Interview with Mark Hogarth:

Creative Director of Harris Tweed Hebrides

In a wide ranging conversation, we bring you an interview/chat with Mark Hogarth covering the essence of Harris Tweed, the change in Golf and the shared history with Harris Tweed, Scottish textiles and manufacturing plus the inspiring places of Scotland. Mark has been the long time Creative Director of Harris Tweed Hebrides and has overseen a transition of modernisation of the brand and the implementation of various contemporary projects and collaborations.

FG: Thanks for taking the time to chat with us, I see you have your cycling gear ready?


MH: "I’ll be getting on the bike and heading to the hills. The north of Glasgow is great for road biking, you can clear the city in 5 sets of traffic lights. I'll be going up through Maryhill and into Possil, up through Strathblane past the Glengoyne Distillery and come back through Killearn and up Crow Road"


Due to an old back injury and, as he admits himself, golf is the only sport he doesn’t have a natural talent at. This has halted playing time on the course. But growing up in Ayshire and spending much time in Arran, he played a fair bit in his younger days on the Island. He foresees playing golf in his 50’s, but for now cycling is for his 40’s. “The back is getting better, so I will leave it to my 50’s. All my mates play and do golfing holidays which seem a lot of fun”


FG: The direction of golf is changing from the new wave of brands that have entered the market and a change of attitude, a more modern approach to the game. What have you seen from your vantage point?


MH: "Working with FootJoy was a real eye opener (Footjoy recently released a Blackwatch Harris Tweed detail golf shoe), to see their output and their ability to see the demographic and the changing landscape. I’ve seen the likes of Macklemore’s Bogey Boys and I’ve know what Cathal has been doing (Founder of Sounder Golf) and I’ve seen some of the younger brands. I knew this from my time in Japan, in terms of the modernisation of the game; Japanese golf was haemorrhaging interest because it was becoming so elite and become a victim of its snobbery. Clubs changed that by introducing heavily discounted memberships, the media started to highlight that golf was becoming a dying sport in the country and it got a bit of a bounce back."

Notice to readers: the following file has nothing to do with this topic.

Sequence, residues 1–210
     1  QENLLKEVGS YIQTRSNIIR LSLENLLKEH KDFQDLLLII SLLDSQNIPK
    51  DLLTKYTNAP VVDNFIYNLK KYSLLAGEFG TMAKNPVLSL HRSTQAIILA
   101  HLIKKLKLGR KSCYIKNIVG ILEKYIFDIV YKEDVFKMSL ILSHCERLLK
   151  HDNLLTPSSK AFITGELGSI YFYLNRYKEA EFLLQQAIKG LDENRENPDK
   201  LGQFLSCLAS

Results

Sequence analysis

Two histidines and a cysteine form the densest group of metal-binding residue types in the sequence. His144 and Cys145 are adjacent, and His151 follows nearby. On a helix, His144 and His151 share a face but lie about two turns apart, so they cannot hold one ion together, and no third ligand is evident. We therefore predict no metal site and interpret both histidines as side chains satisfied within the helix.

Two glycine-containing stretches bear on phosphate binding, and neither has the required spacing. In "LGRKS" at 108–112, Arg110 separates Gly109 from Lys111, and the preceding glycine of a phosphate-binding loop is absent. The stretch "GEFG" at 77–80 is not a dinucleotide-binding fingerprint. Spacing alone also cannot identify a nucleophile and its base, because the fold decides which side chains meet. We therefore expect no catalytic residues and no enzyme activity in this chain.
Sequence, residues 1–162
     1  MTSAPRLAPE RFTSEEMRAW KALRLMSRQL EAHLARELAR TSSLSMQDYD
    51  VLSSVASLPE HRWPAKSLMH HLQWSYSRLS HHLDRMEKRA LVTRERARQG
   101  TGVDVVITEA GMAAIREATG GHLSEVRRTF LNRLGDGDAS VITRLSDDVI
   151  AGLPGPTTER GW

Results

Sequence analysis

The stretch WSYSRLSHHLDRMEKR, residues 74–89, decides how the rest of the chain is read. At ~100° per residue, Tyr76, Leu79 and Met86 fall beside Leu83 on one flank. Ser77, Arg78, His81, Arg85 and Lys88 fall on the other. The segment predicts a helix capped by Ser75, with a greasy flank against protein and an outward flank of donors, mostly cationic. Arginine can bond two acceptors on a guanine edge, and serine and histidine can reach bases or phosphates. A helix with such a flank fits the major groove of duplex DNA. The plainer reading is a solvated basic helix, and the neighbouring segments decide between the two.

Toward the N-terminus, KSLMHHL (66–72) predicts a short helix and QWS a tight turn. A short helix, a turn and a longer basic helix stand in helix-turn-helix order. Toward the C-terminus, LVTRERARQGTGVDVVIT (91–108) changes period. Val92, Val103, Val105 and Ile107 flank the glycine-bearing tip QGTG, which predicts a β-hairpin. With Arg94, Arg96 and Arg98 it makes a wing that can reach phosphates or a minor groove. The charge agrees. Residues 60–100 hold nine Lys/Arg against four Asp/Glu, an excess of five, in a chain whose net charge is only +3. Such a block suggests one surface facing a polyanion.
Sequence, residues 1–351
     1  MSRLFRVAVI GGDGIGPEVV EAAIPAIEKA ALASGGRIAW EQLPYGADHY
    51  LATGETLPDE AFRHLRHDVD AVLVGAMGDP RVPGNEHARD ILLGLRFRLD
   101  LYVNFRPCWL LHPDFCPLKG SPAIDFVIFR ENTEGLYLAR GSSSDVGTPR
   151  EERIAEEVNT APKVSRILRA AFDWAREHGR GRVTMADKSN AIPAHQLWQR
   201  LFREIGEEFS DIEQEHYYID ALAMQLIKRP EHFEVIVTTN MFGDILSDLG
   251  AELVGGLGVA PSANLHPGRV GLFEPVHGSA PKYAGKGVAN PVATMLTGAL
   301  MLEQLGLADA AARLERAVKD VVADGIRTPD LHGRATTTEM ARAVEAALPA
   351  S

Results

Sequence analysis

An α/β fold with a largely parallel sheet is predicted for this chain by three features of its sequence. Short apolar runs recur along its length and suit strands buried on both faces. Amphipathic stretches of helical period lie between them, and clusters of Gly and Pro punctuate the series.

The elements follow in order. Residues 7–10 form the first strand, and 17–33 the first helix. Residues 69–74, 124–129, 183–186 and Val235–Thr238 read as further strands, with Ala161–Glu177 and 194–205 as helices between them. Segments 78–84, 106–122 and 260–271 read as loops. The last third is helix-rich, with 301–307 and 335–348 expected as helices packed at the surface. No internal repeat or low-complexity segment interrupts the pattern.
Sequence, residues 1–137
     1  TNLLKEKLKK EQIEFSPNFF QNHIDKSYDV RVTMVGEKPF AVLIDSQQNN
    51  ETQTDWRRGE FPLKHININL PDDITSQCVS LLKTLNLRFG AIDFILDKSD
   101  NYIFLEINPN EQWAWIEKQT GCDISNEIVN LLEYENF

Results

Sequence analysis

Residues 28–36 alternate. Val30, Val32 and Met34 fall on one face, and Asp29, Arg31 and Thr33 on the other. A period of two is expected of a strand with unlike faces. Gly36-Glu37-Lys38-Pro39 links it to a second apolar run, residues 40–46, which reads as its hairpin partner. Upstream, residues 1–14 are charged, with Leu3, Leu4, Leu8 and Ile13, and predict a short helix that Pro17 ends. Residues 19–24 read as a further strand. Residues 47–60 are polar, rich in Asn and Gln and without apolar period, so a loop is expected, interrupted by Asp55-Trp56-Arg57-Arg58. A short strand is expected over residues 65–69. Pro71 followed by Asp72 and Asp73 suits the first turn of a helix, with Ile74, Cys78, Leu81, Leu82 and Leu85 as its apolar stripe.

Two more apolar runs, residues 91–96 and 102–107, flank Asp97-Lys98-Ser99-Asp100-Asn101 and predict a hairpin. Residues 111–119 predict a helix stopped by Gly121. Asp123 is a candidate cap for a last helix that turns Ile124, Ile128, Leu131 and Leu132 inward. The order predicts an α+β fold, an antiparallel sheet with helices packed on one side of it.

FG: It was almost a democratisation of golf which I think also gave permission for streetwear and fashion influences in golf and an openness to play with the dress code. We recently had a chat with Mid 90’s Tokyo Club ( and they were saying how much it had changed, but they still wanted to ensure they were respectful to the heritage alongside promoting a more modern approach. In many respects, it’s how we aim to combine heritage makers, mills, and factories in Scotland with a modern, sustainable design approach.


MH: "I think it’s great to see what Fyfe is doing in fusing heritage fabrics and manufacturing with moreder, sustainable designs...and great to see so many factories in Scotland making a bit of a comeback. Harley’s (the specialised knitwear factory in Aberdeenshire) is doing really well. And good for them as I know they were struggling for a long long time, and they’ve not done anything drastic, they’ve just doubled down on their heritage, but you’ve seen some of the luxury brands starting to be more open about their supply chain and hence, Harley’s has received some more exposure which has helped them.

It's also interesting to see the Crombie brand has been bought out and hopefully the new owners can re-establish that…imagine having a propriety name of a coat, some provenance there to play with.

There is almost a synergy with the renaissance of Scottish manufacturing and the renaissance of golf. The guys at FootJoy were saying that during the lockdown period, the two sports that participation increased the most was golf and cycling being intrinsically tied to the outdoors."

"There is almost a synergy with the renaissance of Scottish manufacturing and the renaissance of golf."

FG: What do you think is behind the renaissance of Scottish manufacturing?


MH: "I think it’s being driven by this generation. If you think, globalisation kicked in the 70’s, people will remember the miners and all the rest of it, miners losing their jobs in the 80’s but compared to the amount of textile and garment makers that lost their jobs it was miniscule. 4 million textile jobs went between 1974 to 1990, of which 60% were women. So I think one my theories is that, we’ve just caught the end of that, so the people that started working in their twenties and thirties learning the trade that are now in their sixties are so enthusiast to see these skills continue. I see that a lot in the borders which is where the majority of the factories we work with are located, alongside some of the other factories in central areas of Scotland."